Monday, September 25, 2017

OSCAR Student Taylor Munir Focuses on Modesty and Bragging for the American Cultural Change Project

Hi, my name is Taylor. I am a junior studying Conflict Analysis and Resolution. As a Conflict Analysis and Resolution Major I spend a lot of time talking and learning about different cultures. Specifically, how a culture influences an individual’s perspective on the world. These cultural difference often impact how individual interact with their environment, and how they perceive conflicts. The knowledge I have gained through my major has shown me the importance of learning about different perspectives. Therefore, I jump at any chance to broaden my knowledge on any culture. When I read about a project that focused on American Culture I knew it was something I would want to research about.
The idea behind the American Cultural Change project is to track how different concepts have evolved in American Culture over time. The focus of my research was on modesty verses bragging. I researched how often we discussed modesty and bragging over the past few decades. This was to determine whether one was more prominent in our society today than in the past. Discussion on modesty in particular has decreased whereas bragging has increased. This is particularly evident in the American school system. A decline in modesty talk lead me to researched how students are taught, and how influenced they are by bragging in their academics careers. On a weekly basis I read through articles on education, and grade inflation. I also read books on classroom management, and self- esteem.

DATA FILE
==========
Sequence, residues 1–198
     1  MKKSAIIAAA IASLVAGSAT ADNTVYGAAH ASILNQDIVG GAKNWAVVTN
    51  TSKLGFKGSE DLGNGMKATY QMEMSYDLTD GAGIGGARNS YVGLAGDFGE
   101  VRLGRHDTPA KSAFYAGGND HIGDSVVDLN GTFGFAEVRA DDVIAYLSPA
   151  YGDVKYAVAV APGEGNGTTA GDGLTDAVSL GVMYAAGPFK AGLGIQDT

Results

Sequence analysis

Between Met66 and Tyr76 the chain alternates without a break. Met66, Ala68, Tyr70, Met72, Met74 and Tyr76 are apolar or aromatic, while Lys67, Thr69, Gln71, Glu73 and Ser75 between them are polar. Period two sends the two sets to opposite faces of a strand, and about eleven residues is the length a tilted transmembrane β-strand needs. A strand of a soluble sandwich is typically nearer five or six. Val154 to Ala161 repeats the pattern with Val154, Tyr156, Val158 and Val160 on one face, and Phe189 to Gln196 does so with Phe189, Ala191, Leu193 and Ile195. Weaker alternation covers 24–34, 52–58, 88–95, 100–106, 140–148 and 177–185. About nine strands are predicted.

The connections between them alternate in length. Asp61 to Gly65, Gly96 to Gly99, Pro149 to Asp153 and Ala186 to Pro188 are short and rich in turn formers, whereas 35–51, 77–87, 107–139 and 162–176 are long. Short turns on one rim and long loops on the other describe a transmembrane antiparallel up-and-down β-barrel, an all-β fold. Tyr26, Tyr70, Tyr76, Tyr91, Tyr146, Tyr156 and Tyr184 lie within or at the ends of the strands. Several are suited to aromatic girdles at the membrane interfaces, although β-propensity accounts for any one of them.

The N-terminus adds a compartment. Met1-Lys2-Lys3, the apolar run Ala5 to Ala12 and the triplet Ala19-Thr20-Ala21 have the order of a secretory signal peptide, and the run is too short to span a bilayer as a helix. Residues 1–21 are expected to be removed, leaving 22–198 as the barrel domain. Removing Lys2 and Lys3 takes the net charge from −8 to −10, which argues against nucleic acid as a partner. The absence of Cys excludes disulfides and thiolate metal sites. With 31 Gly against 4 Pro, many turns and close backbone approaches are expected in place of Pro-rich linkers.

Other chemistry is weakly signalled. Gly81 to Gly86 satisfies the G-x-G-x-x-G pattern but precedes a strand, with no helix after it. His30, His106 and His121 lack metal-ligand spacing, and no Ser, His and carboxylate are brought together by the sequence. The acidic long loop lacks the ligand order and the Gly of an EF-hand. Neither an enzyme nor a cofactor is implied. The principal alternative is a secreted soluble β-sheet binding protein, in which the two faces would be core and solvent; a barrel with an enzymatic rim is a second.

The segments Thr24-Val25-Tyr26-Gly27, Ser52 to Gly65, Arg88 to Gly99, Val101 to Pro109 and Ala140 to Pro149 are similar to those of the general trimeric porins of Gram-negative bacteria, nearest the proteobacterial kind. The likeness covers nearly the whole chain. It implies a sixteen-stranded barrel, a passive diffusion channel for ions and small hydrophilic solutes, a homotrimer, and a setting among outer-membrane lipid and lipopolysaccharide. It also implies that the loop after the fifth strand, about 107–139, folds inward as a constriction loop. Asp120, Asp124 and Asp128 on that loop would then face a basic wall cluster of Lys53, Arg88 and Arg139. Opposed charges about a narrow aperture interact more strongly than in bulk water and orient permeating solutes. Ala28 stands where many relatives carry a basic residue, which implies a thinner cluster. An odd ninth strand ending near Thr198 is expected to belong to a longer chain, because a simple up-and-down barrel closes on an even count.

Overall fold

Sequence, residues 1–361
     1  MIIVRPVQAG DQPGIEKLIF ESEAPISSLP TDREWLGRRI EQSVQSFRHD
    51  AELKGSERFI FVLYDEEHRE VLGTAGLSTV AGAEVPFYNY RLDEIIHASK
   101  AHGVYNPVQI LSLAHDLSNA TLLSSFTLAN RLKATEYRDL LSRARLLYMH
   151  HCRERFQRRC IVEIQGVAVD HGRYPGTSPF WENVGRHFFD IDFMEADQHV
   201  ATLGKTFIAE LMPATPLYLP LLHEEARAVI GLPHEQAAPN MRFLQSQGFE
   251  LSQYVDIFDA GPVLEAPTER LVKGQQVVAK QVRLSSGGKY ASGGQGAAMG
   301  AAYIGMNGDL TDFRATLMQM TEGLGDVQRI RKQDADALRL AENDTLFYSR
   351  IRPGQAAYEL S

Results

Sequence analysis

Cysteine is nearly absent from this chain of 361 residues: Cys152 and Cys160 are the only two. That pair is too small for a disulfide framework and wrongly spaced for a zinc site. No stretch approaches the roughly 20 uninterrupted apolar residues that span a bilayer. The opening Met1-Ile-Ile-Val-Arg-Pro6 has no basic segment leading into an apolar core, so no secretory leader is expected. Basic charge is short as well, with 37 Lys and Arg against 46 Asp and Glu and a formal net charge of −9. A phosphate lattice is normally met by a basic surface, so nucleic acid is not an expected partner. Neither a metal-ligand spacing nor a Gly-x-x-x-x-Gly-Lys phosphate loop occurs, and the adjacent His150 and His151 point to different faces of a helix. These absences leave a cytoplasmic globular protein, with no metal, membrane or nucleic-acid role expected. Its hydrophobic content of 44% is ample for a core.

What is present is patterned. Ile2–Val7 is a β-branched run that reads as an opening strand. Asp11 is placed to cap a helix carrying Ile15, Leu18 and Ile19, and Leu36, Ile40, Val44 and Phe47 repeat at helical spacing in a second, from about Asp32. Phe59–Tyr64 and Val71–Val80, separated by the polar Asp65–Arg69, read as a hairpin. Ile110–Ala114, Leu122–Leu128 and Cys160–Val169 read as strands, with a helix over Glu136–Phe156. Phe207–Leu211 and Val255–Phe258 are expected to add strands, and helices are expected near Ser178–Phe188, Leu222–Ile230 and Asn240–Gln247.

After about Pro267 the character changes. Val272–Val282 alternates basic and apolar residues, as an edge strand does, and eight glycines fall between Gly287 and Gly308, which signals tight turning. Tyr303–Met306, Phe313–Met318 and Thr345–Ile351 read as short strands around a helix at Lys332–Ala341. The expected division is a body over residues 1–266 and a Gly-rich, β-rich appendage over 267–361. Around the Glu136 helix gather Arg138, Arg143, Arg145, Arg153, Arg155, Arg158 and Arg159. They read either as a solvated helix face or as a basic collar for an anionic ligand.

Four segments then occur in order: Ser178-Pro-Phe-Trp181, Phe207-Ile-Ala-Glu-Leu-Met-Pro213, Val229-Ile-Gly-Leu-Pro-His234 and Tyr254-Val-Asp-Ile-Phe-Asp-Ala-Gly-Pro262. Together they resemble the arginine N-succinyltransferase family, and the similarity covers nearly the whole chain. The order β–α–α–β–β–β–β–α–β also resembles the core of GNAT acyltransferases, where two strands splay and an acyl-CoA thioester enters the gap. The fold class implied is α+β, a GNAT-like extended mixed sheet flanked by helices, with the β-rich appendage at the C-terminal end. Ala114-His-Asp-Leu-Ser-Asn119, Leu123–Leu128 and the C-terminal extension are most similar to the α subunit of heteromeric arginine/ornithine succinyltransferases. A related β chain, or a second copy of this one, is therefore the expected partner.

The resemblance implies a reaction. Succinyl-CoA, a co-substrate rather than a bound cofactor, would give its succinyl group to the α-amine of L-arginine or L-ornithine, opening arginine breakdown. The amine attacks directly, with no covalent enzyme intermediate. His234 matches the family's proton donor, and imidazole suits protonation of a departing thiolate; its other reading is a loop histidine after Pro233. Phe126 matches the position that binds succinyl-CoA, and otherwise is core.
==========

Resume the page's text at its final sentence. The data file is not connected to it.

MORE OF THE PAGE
This project made me reevaluate how I look at my education. It has shown me where I can personally improve to become a more humble in my education. As well as the impacts of an atmosphere where bragging is encouraged.

OSCAR Student Josephine Neulen Researches Populism and Right Wing Extremism in Europe